Hall of Fame Speech #15: Here on Earth

Brief note before we start: last July we got together and worked out a third class to be inducted into the Smaddies Baddies BMT Hall of Fame. It has been nearly eight years since we started BMT and the films we had seen more than five years ago, in some cases, deserved a rewatch and reassessment. This is the last installment leading up to the sixth (eighth?) Smaddies Baddies bringing you previews and Hall of Fame Speeches for the five films chosen. The one film in BMT history that every other film is compared to, every other film dreams of being a mere shadow of, is Here on Earth. Never heard of Here on Earth? Don’t worry, neither have most people it seems. Oh ho ho … you are in for a treat! I’ve posted a preview, but also a very special original recap for the film. I would very much recommend it, I think it holds up incredibly well nearly six years later. Enjoy!

Hall of Fame Induction Speech for Here on Earth

When the Bad Movie Twins were young lads we saw a vision. A vision of a film that would come and teach us the way of bad movies. For years we searched in vain, certain that Battlefield Earth, or Norbit, or Jack and Jill could teach us the bad movie gospels. But we were wrong. Only St. Josh, St. Leelee, and St. Chris could show us the way. The other day I wondered how we even chose to watch Here on Earth. The only real explanation is that we had seen The Wicker Man, In the Name of the King: A Dungeon Siege Tale, 88 Minutes, and Street Fighter: The Legend of Chun Li and loved all of them. And the constants there? Leelee and Chris. And what a fortuitous viewing it was. The current long-form recap probably gets most of its DNA from the very impromptu recap I made for this film, which will have been posted just prior to this speech. We’ve shown this film to multiple people and no one understands our love for it. Sometimes we don’t even understand it … but we are drawn back to it. It is BMT. Let’s get into it.

It has been five years … fine I’ve watched it more recently than that. But let’s still try and list what we remember:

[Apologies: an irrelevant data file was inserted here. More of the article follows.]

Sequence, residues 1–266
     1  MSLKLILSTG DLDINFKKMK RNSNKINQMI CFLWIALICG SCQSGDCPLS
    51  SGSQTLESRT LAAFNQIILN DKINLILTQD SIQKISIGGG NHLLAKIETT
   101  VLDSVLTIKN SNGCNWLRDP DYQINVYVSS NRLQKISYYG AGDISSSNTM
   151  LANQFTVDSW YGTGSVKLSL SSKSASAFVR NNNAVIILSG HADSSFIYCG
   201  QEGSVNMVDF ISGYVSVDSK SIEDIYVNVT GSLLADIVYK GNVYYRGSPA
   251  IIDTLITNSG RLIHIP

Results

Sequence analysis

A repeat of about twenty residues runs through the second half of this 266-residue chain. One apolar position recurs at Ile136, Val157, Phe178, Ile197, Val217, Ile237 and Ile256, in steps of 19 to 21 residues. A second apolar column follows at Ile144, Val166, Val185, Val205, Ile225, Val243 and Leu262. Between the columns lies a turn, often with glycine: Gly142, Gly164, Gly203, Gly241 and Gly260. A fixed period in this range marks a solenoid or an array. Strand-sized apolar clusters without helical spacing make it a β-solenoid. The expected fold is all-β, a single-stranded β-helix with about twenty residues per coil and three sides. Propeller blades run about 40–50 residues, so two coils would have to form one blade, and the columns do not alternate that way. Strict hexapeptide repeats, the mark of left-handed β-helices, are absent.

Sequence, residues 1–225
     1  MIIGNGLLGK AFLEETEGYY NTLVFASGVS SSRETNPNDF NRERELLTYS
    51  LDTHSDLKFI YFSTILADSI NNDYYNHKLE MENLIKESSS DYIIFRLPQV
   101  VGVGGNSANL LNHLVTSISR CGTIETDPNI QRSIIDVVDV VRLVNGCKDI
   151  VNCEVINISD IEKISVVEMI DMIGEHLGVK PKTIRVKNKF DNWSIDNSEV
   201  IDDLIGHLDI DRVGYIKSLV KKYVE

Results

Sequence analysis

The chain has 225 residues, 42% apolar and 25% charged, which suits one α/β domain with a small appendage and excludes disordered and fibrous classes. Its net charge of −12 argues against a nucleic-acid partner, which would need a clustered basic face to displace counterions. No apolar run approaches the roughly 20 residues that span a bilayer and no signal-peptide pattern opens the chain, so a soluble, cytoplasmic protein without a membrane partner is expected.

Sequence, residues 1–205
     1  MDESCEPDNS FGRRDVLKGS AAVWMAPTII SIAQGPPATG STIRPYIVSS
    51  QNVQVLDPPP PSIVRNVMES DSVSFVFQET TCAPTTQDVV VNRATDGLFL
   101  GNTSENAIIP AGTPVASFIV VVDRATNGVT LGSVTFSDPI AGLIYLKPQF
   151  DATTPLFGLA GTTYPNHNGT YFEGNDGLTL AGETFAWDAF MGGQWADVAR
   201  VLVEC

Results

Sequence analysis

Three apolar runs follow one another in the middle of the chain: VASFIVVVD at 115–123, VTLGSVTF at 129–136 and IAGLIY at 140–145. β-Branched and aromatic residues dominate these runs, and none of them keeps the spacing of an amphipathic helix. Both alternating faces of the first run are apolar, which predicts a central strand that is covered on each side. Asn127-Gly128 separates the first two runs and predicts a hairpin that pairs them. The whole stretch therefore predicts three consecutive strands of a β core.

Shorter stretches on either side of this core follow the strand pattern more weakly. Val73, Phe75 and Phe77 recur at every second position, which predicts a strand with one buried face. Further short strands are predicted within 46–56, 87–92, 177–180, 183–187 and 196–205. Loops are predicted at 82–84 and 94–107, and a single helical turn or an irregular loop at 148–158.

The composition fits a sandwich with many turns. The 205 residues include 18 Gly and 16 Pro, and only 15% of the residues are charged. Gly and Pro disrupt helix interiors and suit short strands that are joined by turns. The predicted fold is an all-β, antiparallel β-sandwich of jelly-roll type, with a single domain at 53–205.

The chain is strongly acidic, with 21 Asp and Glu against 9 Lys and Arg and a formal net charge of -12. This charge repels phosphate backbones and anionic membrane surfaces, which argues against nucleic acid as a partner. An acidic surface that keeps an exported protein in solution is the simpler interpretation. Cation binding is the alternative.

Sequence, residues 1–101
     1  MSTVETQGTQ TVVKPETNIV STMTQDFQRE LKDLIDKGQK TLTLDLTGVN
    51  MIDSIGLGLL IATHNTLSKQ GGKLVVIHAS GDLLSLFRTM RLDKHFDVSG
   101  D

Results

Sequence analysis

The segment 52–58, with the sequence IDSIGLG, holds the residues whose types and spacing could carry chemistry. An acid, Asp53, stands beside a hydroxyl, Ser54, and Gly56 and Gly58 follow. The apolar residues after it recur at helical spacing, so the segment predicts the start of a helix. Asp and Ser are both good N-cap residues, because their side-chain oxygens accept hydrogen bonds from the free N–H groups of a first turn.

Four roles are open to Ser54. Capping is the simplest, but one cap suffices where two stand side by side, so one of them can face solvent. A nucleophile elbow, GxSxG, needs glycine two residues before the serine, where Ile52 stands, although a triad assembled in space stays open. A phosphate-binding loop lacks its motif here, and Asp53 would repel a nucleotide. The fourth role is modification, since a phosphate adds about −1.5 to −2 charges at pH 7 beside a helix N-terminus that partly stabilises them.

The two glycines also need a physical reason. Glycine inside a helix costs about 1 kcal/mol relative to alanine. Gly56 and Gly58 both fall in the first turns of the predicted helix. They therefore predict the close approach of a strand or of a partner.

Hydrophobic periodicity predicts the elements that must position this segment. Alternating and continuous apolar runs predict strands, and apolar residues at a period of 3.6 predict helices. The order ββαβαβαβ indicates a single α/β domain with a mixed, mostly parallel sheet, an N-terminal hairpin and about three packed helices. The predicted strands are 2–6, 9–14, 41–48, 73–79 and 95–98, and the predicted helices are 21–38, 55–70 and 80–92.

• What don’t I remember? Robert Frost valedictorian speech. Chris Klein acting like a sexual predator in Mable’s Table. Chris Klein’s rock hard abs. Harnett built like a scarecrow. Harnett acting circles around everyone. Leelee’s terrible running. The baseball date. Fuck cancer. Etc. etc. etc. etc. etc.
  • This film defined what we dreamed of in bad movies. It basically created the email.
  • And yet no one else that watches it seems to find it as enjoyable … that’s weird. No, it isn’t us that is weird, it is everyone else, surely.
  • Leelee Sobieski and Chris Klein are the BMT power couple. There are only two other people who have influenced it more: Sly Stallone and Kurt Russell in Tango and Cash.
  • Hell … we have an entire game in the email called Welcome to Earf based on connecting all of the bad movies back to Here on Earth!!!! What more is there to say.

How do you parse out the most important aspect of a film that has it all? I think this is more about just re-experiencing it than anything else. If I was going to choose one thing about the film I was excited to re-experience it would be the context of Leelee and Chris Klein’s relationship. Much of the original recap was devoted to how Leelee doesn’t come across too great in the film. Her disregard for Harnett does, as some characters point out, seem cruel. But has that changed with age, experience, and one fresh rewatch?